- If trusted field workers or partner suggests a distinct people group or a critical division of an existing people group, Joshua Project first checks if it is possibly an alternate name for an existing group. If not, we then seek to understand what makes this group distinct. If language, religion or significant cultural barriers exist the new group is generally added to the list. Joshua Project does not consider occupational, economic or political factors when defining people groups.
- To add a new group, Joshua Project needs the following essential information:
- Not essential, but helpful information:
Removal - Guidelines:
- If a language is no longer considered viable or living by the SIL Ethnologue, Joshua Project will evaluate groups speaking that language to determine if an ethnicity connected to that language still exists. If it can be demonstrated that the group has merged into or been fully subsumed into a different group, the people group is removed from the active list and archived.
- Requests for deletions of South Asia people groups are passed to Omid. If Omid removes a people group from his database, it will be removed from Joshua Project at a later date.
- If a field worker recommends a people group be removed or merged, we will seek definite corroboration / verification against the sources listed above before removal.
- If the original source that caused the group to initially be added requests the group be removed and it does not conflict with other sources, the people group is removed from the active list and archived.
- Obvious duplicates are merged and one PeopleID3 is retained as active and the other archived.
- We also remove a people group if the Joshua Project Small Group policy so indicates, placing that group in the Other Minor Peoples table. The Joshua Project Small Group policy only involves tiny, diaspora people groups in a specific country (PGICs). Very small distinct ethnicities (PGACs) such as an isolated Amazon basin tribal group are never removed by the Small Group policy.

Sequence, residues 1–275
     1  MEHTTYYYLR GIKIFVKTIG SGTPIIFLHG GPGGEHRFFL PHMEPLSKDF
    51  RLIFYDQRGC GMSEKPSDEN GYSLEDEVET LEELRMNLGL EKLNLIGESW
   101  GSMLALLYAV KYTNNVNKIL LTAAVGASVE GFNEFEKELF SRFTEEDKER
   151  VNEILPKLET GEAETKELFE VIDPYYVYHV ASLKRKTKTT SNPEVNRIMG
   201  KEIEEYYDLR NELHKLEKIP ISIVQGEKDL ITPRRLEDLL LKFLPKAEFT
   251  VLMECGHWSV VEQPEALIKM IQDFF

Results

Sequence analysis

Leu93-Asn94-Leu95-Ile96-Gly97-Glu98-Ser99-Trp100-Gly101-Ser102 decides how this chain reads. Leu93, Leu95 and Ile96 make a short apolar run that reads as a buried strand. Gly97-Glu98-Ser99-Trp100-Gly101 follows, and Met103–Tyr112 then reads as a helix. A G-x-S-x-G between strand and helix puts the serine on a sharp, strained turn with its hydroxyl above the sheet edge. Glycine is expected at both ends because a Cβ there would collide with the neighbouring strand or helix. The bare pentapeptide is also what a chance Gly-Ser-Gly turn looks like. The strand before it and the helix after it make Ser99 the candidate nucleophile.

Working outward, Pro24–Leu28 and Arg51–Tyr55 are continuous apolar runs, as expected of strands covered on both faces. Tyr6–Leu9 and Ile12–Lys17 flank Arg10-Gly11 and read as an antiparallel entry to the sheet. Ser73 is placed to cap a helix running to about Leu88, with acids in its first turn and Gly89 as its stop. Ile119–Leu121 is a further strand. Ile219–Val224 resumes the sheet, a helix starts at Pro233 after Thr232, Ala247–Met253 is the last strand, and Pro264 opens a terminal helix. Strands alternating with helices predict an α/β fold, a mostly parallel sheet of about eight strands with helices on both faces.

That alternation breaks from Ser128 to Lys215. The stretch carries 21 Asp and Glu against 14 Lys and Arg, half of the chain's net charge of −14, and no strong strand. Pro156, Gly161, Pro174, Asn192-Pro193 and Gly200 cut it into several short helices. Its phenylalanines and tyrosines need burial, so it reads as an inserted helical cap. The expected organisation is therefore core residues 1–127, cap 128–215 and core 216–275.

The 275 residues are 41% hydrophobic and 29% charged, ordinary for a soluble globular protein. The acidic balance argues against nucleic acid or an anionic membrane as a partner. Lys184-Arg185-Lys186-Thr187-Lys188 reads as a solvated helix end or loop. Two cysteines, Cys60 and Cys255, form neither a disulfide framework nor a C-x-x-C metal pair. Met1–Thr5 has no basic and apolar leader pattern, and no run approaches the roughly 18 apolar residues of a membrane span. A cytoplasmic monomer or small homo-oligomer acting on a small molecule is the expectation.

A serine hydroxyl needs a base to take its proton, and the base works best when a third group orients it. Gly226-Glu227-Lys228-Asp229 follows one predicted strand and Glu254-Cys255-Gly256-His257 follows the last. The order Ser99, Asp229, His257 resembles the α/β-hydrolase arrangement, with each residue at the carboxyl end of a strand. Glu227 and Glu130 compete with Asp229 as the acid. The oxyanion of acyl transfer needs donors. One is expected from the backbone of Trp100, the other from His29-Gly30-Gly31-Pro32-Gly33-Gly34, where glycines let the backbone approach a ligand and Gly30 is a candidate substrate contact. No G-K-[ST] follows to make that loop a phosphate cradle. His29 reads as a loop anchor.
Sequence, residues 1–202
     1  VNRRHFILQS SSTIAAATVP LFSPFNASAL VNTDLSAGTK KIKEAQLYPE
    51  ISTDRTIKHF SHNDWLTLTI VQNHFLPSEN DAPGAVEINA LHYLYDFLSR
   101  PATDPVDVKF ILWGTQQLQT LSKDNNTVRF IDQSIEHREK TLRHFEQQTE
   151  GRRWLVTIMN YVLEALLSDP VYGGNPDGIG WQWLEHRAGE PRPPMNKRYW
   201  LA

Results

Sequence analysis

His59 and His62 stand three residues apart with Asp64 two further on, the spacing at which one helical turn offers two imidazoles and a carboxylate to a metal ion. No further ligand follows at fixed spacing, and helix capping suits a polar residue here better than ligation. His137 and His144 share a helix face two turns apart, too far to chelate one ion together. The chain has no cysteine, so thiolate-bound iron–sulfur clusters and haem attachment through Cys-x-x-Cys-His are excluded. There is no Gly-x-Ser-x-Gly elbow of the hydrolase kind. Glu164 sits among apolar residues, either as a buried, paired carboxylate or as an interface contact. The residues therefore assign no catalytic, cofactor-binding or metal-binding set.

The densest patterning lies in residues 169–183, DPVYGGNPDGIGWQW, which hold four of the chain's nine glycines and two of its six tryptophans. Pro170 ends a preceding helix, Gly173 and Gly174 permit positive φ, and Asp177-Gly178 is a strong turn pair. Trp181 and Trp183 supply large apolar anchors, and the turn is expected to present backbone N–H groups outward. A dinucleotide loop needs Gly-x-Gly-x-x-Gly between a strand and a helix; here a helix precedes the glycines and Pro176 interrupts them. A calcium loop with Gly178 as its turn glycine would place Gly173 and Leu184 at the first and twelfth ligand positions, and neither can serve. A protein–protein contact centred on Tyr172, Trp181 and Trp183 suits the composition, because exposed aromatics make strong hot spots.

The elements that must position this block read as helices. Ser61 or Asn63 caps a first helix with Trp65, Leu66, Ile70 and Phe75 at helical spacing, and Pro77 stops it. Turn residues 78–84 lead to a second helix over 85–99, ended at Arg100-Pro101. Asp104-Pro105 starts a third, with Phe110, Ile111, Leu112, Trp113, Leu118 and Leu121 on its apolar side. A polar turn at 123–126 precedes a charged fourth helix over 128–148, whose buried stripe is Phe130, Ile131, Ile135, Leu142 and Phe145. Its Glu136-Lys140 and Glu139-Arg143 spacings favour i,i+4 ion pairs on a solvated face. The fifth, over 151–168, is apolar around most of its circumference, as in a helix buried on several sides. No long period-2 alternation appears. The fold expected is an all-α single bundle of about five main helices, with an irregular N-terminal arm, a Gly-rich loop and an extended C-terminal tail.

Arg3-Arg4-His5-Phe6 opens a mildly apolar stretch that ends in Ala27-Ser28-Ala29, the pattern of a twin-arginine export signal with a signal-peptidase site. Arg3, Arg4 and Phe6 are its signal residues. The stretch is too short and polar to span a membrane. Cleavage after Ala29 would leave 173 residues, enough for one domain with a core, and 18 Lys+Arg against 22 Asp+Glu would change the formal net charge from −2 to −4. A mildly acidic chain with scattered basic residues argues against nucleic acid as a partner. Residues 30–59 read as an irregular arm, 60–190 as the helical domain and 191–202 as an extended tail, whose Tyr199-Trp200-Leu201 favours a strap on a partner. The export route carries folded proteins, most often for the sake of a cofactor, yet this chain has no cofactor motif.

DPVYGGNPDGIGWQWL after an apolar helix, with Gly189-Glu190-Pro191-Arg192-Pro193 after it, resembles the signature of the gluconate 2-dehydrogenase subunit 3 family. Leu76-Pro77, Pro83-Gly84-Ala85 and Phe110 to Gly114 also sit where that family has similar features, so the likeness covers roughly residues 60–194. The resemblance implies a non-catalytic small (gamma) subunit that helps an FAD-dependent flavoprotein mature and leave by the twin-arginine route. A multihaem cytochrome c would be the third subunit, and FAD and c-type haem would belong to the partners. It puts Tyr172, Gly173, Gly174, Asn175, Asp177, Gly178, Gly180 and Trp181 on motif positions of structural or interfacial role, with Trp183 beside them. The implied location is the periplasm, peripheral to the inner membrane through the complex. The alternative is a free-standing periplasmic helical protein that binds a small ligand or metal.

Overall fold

Joshua Project maintains an archival table of changes to the peoples list.
- Merging of Aimaq groups into one – Joshua Project originally had several distinct Aimaq people groups. The Ethnologue lists only one Aimaq language, all Aimaq groups practiced the same religion, the WCD and CPPI only listed one Aimaq group, input from field workers suggested there was no animosity or cultural barrier to the flow of the Gospel between Aimaq tribes and input from an Aimaq believer suggested that only one Aimaq church planting effort was needed. Therefore, the decision was made to consolidate the Aimaq into one people group. Joshua Project recognizes that there are numerous Aimaq tribes and clans, possibly up to 200. Future onsite workers may determine that some of these require distinct church planting efforts and Joshua Project will gladly add additional Aimaq groups. At present we are presenting the best available Aimaq information.
- Removal of various South Asia groups. As South Asia research is continually refined, groups are occasionally moved off the active list due better research, assimilation, changing to subgroups or being extremely small and nearly impossible to discover amid South Asia’s massive population.
- Merging of Akha groups – The original breakdown of Akha people groups came from Asia Harvest who obtained it from a field person interested in the Akha. Asia Harvest later determined that this research was inaccurate and there was only one distinct Akha people group. Asia Harvest requested that the Akha be merged into one group. Based on the credibility, commitment to including every people group and the attention to detail of Asia Harvest, Joshua Project merged the Akha into one people group and archived the remaining PeopleID3 information.
- Merging groups at the borders of South Asia – groups sometimes need to be merged at the borders of South Asia. Having different sources identify people groups in bordering countries occasionally leads to duplication. For example, Omid identifies a group in Nepal along the China border and Asia Harvest identifies a group in China along the Nepal border. Each was initially given a unique PeopleID3. However, upon investigation the two are found to actually be the same group just in different countries and provided by different sources. The two are merged and one of the PeopleID3 values is archived.
Joshua Project maintains an archival table of merged or removed people groups from the active list. This includes the PeopleID3, People name, date of removal, and reason for removal. This list is available upon request.